Chief Innovation Officer Summit (CINO) Debrief: Back to the Innovation Future

/Chief Innovation Officer Summit (CINO) Debrief: Back to the Innovation Future
  • Chief Innovation Officer Summit CINO

Chief Innovation Officer Summit (CINO) Debrief: Back to the Innovation Future

Recently, I presented at the Chief Innovation Officer Summit (CINO).  I have wondered for some time how the market would differentiate between the two CIO titles and roles that have evolved in the corporate world. The traditional CIO stood for Chief Information Officer of course which had enterprise responsibility for the enterprise technology infrastructure, and information technology (IT).

Several years ago a new CIO showed up on the scene, emerging from the need for corporations to put more executive attention on their innovation investments. Like every other “C” chief they typically report to the CEO and operate among the C suite. I am not surprised, after all, companies are investing anywhere from 3% to 34% of their annual revenue/turnover in R&D to create tomorrow’s promising growth.

The issue with two CIOs in the same corporation is that it has become unclear who is responsible for what causing confusion and then, voila! CINO shows up in the market to distinguish between the two. That’s a roundabout way to say I attended my first Chief Innovation Conference (CINO). I took a hiatus from attending market conferences in for the past few years because I felt they were largely redundant and I did not experience much new learning. Part of my reasoning is because Sopheon has been working with global leaders in the field of innovation, so we have had a rich field for learning and pushing the envelope in helping our clients innovate. It was good to hang out with the market for the two days of a packed agenda to listen to industry leaders such as Samsung, Airbus, and DSM among others.

Out of curiosity, I did an informal survey of the 240 attendee audience to see how much the innovation dial has moved in the last decade. I asked four questions to understand my audience and their levels of maturity in Enterprise Innovation Management. Those questions were:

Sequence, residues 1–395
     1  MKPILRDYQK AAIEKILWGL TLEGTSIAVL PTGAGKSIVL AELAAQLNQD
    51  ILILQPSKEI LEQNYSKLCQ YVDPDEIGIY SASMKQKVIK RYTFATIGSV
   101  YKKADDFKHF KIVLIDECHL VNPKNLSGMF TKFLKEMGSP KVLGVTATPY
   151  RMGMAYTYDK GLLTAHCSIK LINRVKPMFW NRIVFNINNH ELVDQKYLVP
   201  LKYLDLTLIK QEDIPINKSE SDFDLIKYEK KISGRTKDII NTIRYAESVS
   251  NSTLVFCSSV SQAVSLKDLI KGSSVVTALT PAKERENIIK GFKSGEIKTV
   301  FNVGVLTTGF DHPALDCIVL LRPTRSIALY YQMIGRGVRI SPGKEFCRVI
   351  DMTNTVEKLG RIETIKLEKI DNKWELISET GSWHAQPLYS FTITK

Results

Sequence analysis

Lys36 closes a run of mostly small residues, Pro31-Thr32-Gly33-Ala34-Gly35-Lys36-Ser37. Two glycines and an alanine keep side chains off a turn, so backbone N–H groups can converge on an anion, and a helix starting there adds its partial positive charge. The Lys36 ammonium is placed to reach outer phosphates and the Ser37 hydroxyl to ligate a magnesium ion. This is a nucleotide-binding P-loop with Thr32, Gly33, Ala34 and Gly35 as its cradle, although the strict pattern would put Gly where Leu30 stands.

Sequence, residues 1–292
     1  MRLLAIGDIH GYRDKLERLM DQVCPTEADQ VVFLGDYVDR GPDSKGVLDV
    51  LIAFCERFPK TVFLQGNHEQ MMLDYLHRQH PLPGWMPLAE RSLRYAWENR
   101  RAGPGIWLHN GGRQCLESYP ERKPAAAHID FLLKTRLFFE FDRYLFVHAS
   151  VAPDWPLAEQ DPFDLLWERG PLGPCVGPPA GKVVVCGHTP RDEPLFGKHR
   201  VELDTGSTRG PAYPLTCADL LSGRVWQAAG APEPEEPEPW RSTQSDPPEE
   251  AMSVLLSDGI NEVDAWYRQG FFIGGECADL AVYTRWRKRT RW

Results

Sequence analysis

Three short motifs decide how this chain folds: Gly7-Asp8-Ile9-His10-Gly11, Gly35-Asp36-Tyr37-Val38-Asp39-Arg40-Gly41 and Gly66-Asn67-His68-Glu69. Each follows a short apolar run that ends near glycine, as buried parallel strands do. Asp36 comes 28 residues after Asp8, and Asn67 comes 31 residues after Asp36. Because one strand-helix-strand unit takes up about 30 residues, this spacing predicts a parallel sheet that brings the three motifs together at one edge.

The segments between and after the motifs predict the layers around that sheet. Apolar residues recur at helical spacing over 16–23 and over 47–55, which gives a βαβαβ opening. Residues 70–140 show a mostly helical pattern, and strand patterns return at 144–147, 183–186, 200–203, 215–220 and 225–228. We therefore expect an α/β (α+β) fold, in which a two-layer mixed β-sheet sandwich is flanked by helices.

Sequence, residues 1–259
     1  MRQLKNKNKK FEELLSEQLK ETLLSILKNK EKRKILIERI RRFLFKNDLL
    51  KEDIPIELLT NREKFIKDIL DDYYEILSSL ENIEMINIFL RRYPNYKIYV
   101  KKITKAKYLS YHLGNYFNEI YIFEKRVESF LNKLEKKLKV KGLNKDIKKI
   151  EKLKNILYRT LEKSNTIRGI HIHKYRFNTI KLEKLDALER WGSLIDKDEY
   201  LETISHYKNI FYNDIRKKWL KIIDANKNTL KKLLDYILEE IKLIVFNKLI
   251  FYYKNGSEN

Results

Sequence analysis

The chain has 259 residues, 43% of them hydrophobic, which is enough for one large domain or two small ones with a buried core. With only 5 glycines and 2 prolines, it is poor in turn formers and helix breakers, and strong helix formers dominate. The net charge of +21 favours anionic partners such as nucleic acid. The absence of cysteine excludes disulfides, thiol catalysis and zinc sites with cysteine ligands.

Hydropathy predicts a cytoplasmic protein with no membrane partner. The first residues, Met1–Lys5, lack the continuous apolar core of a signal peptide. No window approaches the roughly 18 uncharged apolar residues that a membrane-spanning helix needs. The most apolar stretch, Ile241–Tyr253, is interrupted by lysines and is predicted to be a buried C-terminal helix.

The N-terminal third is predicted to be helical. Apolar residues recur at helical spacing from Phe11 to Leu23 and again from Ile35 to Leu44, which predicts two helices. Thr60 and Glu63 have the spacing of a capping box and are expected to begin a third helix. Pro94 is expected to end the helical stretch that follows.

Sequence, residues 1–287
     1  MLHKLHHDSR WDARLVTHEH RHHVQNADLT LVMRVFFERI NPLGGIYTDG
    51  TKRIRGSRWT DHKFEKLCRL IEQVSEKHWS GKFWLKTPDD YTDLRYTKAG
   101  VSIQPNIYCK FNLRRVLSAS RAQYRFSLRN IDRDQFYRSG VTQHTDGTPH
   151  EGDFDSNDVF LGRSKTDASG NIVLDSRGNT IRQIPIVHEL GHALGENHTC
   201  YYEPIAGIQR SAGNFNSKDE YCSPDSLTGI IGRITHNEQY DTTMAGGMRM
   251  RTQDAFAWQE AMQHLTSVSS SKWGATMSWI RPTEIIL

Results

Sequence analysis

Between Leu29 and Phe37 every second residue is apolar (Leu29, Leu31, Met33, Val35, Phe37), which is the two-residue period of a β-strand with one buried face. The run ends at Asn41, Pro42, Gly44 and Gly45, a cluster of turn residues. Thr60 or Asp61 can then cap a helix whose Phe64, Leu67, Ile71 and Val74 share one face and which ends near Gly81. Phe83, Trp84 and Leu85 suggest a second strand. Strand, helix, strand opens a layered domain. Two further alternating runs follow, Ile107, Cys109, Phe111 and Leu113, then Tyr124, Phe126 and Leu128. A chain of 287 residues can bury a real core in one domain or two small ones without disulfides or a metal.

• How many have a structure innovation process used to manage their investments? The answer was less than 20%.
  • How many have a mature process with adoption over 75% across the cross functional organization? The answer was less than 10%.
  • How many are actually tracking innovation metrics to track performance? Shockingly, 2% proudly raised their hands.
  • For my last and final question, I asked, “How many could explicitly tell me what a healthy and balanced innovation investment portfolio would look like at their company?” Only four hands went up.

Before the conference, I would have expected 75% of the companies had their innovation well under control. Wow, was I off! My conclusion is that there is a wider gap between those who have chosen to use innovation as a competitive differentiation versus those who talk about it. A recent study from Booz found innovation leaders outperform their competition by 30% in profit.

More Conference Highlights

The following are a few additional highlights from the CINO conference. Of the companies presenting, two different philosophies or attitudes and approaches towards innovation emerged:

  • First off, there are those companies that feel it is important to be an innovative company. To accomplish this takes a lot of time and the focus was primarily on the soft stuff such as work environment, collaborator recognition, creating an environment that makes it OK to fail, and most seem to take a psychological approach to innovation. These companies tend to be from the financial, government, or some service industries that are not slugging it out in the market like others may be.
  • Secondly, companies that made it very clear that they are focusing on innovation for one reason and that is for company growth and profit. You could sense these companies had urgency, many of them were living that popular slogan innovate or die. Their approach was to identify the areas of the business that would benefit in performance from innovation.  We had two companies present back to back and the difference in approach was dramatic, in fact the 2nd speaker stated “I am really against this attitude that it is OK to fail.” He went on to explain when you fail you can be out of a market for a decade – it is very costly indeed. He said he agrees it is important to learn from failure but don’t encourage failure.

The executive from DSM gave a great presentation supported with video that did an outstanding job laying out our world challenges in a way that I have not experienced. DSM is a leading innovator!

Andy Michuda is president and CEO of Sopheon. He is an internationally recognized expert and speaker on the use of innovation management tools and best practices to improve critical business processes, such as new product development and innovation performance. A pioneer in the field, he began designing and guiding the implementation of knowledge management and new product development solutions for Fortune 500 companies and other large multi-nationals in the early 1990s. Connect with Andy on LinkedIn.

2016-12-14T21:00:48-05:00May 8th, 2014|

About the Author:

Andy Michuda
Andy is president and CEO of Sopheon. He is an internationally recognized expert and speaker on the use of innovation management tools and best practices to improve critical business processes, such as new product development and innovation performance. A pioneer in the field, he began designing and guiding the implementation of knowledge management and new product development solutions for Fortune 500 companies and other large multi-nationals in the early 1990s.

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